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Jynne Dilling Martin's New Poems Capture 'Zaniness Of Being Alive'

MELISSA BLOCK, HOST:

Nature has always inspired poetry - a yellow wood, a green shade, a moose that wanders onto the road. Well, poet Jynne Dilling Martin has had an extreme look at nature. That's reflected in her new collection "We Mammals In Hospitable Times." Tess Taylor has our review.

TESS TAYLOR, BYLINE: Martin's got a big project - to write poems that contain the history of the species, the history of the Earth and the longings of the human heart as well. What's more, in her poems, she writes these all at once and very fast. Her book is propelled by urgency. To write it, she spent time in Antarctica on a writer's residency offered by the National Science Foundation. So she's aware exactly how fast our ice is melting and she tells us how when icebergs break, the noise is less groan, more wild animal shriek. She's seen how, in her words, the sea ice resembles a cracked white lung steadily swelling.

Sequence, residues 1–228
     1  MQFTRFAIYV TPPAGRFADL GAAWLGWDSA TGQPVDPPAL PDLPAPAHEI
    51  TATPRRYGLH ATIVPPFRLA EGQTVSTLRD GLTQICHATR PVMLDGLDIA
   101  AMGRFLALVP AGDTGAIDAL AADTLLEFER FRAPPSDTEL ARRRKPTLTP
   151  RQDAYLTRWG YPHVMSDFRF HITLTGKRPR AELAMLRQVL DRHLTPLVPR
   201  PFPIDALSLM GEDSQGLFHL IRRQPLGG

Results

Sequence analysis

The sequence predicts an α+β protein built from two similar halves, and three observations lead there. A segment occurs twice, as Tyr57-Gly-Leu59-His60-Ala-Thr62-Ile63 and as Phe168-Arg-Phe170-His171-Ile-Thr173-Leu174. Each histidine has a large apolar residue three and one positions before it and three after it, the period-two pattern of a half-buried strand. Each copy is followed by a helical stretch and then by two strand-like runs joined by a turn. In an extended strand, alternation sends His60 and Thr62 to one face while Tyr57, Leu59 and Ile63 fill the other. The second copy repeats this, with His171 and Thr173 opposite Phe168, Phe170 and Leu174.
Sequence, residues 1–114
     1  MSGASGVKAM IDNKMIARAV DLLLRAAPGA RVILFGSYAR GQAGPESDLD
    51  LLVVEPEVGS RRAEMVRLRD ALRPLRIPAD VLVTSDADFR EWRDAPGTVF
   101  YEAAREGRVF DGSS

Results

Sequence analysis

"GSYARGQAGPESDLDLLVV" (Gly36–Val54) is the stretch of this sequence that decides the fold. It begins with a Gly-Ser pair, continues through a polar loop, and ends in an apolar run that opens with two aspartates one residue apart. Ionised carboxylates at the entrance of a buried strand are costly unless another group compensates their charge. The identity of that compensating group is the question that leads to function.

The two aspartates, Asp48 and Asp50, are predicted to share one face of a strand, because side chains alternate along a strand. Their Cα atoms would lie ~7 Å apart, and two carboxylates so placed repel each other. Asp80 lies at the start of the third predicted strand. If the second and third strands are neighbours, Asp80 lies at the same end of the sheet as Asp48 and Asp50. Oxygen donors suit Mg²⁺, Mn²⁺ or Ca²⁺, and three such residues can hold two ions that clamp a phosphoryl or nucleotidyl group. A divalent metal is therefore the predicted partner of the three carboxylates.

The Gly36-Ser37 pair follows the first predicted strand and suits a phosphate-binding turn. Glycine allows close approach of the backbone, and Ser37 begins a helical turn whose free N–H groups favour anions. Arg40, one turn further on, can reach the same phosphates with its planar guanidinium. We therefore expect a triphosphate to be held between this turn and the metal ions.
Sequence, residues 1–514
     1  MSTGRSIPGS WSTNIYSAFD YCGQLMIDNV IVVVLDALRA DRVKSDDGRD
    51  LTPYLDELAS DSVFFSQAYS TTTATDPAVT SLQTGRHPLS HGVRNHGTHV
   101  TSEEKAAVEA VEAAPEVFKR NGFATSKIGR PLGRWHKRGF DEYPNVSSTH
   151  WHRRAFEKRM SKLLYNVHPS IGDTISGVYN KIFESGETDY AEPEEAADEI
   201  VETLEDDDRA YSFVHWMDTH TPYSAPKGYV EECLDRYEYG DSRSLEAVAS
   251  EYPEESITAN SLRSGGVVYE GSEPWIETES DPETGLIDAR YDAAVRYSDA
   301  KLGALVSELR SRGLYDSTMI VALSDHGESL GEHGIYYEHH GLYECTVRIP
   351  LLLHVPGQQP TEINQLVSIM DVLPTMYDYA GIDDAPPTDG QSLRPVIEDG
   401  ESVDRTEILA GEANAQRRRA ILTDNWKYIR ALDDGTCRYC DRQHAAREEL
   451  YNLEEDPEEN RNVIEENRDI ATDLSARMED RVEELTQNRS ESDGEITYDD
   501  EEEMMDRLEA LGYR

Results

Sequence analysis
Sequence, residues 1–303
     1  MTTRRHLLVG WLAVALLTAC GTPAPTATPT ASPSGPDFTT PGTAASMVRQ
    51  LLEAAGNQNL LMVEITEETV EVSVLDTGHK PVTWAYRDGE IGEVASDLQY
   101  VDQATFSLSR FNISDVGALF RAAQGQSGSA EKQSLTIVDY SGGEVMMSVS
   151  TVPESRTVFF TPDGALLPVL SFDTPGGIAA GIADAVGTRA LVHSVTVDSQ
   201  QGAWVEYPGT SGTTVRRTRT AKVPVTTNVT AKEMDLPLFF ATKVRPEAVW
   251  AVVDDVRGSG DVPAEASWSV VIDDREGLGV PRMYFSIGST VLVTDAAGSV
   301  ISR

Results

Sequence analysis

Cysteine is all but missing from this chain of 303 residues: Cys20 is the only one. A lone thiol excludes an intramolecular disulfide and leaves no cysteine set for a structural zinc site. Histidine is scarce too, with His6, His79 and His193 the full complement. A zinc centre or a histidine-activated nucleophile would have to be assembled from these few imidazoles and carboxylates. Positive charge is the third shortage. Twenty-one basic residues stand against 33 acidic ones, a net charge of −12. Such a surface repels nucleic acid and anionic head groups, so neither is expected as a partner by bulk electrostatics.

But you don't have to have been to Antarctica to catch Martin's urgency. Martin reminds us that we are each pilgrims since pilgrim means stranger, that life is mysterious and that, as she puts it, no doctor has a single lab result explaining where we proceed after death. Martin's title makes an unsettling wordplay. We live now in hospitable times, but we infer the radical inhospitality of the Earth to our lives for most of its history and perhaps also for its future as well.

For Martin, our geologic window is brief and fleeting and presses in on the margins of each poem. So Martin reminds us while we're here we feel and watch and project our human longing onto the myriad worlds around us. Her poem pilgrimages whiz between the lives of reindeer and protozoa and crows. They sink deep into the center of the Earth. Given how sobering the end of the world as we know it really is, these poems' sheer rocket-speed can seem glib. There are oodles of interesting facts to linger over in this book, and at times I wish Martin let herself slow down just a little. But when the poems work, they capture the zaniness of being alive, the sheer kinetic wonder of it.

The seal gnaws a hole in the sea ice, Martin writes. (Reading) Sunlight flashes on a million emerald cod flitting below. Quartz cuvettes filled with seawater and lavender dye slide into a spectrometer, colors the human eye cannot see fan out inside a box.

Please come in a dream, she writes. (Reading) There is no limit to what I want to know.

BLOCK: We were hearing about the book of poems by Jynne Dilling Martin titled "We Mammals In Hospitable Times." Tess Taylor had our review. She teaches poetry at Whittier College. Transcript provided by NPR, Copyright NPR.